There are lots of other ways to trigger a bi-modal decision. For example, any time you talk your problems out with someone. This is at least 50% of the job of a coach — to be a smart, engaged listener for your problems. Verbalizing a problem guarantees that you engage your rational brain.
#4. Deliberate Practice.
The worst thing you can be called in the high-performance world is an “experienced non-expert.”
This refers to people who’ve practiced a job or skill for years, but continue to be mediocre.
This happens for two reasons.
- The non-expert was never challenged. Absent a challenge, there is no trigger for growth.
- The non-expert suffered from multi-tasking. These people do challenge themselves to get as much done as possible, but the constant interruptions actually disrupt the myelin formation process in the brain. The result is that your brain never rewires itself to reflect your experience or hard work. Bummer.
Don’t be this person.
The flip side is being attentive to how you practice skill development so that your practice is challenging and relevant. This is called deliberate practice.
The deliberate practice strategy pairs with momentum to produce compounding results. Every day you make a small, but permanent improvement to your abilities.
#5. Change frameworks.
Because our brains are so small and weak, we are constantly simplifying the world into mental frameworks.
This is the ultimate life hack. We couldn’t function without this skill.
However, the downside to frameworks is that we often forget that our frameworks are imperfect models of the world.
A coach told me once, “The thing that got you here is now the thing that’s holding you back.”
That phrase reflects the most common pattern in executive coaching. A person succeeded based on one view of the world, but then got to a new level where that view is no longer functional.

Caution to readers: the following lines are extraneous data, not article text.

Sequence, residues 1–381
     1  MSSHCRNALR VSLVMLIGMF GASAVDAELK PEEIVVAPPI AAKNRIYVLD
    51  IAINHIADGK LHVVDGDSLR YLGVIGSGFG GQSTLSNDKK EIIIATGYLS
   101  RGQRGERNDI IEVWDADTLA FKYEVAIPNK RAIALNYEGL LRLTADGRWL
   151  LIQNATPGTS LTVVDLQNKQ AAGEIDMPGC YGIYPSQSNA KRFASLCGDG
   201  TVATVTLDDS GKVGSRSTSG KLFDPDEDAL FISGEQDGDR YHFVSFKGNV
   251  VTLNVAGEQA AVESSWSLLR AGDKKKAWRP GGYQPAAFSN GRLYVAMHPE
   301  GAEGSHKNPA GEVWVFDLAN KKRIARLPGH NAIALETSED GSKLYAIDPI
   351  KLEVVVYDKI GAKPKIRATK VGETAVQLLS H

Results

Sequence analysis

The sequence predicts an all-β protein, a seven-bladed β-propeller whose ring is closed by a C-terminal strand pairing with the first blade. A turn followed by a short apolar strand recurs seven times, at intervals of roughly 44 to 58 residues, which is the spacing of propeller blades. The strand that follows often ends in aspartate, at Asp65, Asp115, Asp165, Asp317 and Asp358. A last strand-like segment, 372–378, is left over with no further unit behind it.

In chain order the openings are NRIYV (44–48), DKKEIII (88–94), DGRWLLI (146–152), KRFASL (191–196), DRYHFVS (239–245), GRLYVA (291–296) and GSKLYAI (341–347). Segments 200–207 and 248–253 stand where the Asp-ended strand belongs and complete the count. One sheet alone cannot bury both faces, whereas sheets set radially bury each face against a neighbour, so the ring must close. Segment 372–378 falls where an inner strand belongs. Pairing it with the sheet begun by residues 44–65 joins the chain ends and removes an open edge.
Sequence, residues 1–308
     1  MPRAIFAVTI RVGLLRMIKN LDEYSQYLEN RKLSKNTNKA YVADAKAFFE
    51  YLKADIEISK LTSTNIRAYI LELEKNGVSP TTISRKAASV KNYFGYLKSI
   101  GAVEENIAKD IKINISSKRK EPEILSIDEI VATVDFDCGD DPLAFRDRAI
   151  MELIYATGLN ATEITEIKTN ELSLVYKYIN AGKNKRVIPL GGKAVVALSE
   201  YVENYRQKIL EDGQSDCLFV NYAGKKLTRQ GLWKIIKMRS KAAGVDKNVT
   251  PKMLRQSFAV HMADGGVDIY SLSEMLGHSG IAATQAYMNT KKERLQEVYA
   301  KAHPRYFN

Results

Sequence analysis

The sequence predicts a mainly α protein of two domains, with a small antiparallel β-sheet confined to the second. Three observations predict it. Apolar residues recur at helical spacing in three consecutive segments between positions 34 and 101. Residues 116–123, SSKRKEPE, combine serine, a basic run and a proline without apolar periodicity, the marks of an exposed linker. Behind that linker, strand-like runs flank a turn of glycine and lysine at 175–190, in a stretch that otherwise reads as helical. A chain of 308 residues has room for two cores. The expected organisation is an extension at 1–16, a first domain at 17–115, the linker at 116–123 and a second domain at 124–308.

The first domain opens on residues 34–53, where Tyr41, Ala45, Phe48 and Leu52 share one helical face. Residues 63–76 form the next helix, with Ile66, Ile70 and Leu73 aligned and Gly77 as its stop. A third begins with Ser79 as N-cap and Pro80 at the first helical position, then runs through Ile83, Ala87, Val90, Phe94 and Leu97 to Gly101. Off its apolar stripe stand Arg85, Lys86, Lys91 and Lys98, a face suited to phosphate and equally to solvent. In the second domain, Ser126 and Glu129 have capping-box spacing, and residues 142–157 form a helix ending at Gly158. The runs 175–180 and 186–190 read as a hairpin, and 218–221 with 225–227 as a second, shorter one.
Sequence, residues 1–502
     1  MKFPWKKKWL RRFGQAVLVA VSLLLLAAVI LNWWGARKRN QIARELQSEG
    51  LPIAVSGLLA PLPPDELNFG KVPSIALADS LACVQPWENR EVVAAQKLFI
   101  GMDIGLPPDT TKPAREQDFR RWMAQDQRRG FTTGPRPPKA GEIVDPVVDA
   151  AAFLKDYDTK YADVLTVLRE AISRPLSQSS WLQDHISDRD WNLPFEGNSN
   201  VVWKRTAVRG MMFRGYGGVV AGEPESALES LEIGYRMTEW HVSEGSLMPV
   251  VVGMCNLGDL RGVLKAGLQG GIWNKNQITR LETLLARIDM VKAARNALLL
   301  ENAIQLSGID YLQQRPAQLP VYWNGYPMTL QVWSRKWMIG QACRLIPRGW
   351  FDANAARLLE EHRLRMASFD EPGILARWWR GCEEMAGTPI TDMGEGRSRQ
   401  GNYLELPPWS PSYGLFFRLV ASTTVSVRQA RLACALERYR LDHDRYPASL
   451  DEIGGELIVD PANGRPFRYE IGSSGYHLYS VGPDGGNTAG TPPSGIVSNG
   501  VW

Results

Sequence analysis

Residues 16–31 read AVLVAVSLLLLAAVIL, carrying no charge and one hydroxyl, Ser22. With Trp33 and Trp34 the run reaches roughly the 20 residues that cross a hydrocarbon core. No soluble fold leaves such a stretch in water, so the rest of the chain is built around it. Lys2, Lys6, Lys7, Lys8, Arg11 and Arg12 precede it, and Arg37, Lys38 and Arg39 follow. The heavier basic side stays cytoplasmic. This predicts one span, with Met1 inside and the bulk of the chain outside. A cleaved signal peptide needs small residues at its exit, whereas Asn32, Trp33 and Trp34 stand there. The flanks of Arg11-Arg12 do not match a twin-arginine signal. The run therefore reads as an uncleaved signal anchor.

For example, many programmers stake their entire reputation on the quality of their craftsmanship. Their code works and runs fast. Eventually, these programmers will get promoted and will be surprised by a negative performance evaluation that’s focused on whether or not their well-crafted code has customers.
If you’ve heard the Peter Principle, that people are promoted to their level of incompetence, then this is the alternative explanation. Post-promotion, people often don’t realize that their worldview needs to change.
Unfortunately, this is incredibly hard to see on your own. And it’s incredibly hard to point out to someone else.
In coaching, we call this tactic reframing and it almost always happens in the context of a story.
For example, in the case of the programmer above (I’ve met many of these), I often tell a story (full version) about a complicated project that generated polite applause from customers and a trivial project that generated a standing ovation.
Technically, this story is the bi-modal decision going backward. The story explains a rational concept in terms that your emotional mind will comprehend. Doing both gives you a chance to see the world through the lens of a different framework.